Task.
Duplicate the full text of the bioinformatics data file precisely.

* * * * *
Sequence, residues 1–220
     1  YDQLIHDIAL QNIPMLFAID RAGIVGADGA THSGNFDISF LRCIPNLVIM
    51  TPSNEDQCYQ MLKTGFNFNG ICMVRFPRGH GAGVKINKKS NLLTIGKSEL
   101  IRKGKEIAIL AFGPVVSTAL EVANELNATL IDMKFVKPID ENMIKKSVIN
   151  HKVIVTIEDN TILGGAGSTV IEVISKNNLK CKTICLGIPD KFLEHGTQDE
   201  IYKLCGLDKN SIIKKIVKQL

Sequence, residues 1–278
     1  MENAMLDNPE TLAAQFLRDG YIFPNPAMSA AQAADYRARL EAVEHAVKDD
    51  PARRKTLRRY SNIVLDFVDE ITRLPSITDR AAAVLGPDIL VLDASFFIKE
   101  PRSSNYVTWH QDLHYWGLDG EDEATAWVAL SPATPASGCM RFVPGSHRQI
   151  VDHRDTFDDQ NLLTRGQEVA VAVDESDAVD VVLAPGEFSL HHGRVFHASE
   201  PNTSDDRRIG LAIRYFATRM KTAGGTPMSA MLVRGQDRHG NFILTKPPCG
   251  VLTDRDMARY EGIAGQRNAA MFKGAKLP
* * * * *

Sequence, residues 1–220
     1  YDQLIHDIAL QNIPMLFAID RAGIVGADGA THSGNFDISF LRCIPNLVIM
    51  TPSNEDQCYQ MLKTGFNFNG ICMVRFPRGH GAGVKINKKS NLLTIGKSEL
   101  IRKGKEIAIL AFGPVVSTAL EVANELNATL IDMKFVKPID ENMIKKSVIN
   151  HKVIVTIEDN TILGGAGSTV IEVISKNNLK CKTICLGIPD KFLEHGTQDE
   201  IYKLCGLDKN SIIKKIVKQL

Sequence, residues 1–278
     1  MENAMLDNPE TLAAQFLRDG YIFPNPAMSA AQAADYRARL EAVEHAVKDD
    51  PARRKTLRRY SNIVLDFVDE ITRLPSITDR AAAVLGPDIL VLDASFFIKE
   101  PRSSNYVTWH QDLHYWGLDG EDEATAWVAL SPATPASGCM RFVPGSHRQI
   151  VDHRDTFDDQ NLLTRGQEVA VAVDESDAVD VVLAPGEFSL HHGRVFHASE
   201  PNTSDDRRIG LAIRYFATRM KTAGGTPMSA MLVRGQDRHG NFILTKPPCG
   251  VLTDRDMARY EGIAGQRNAA MFKGAKLP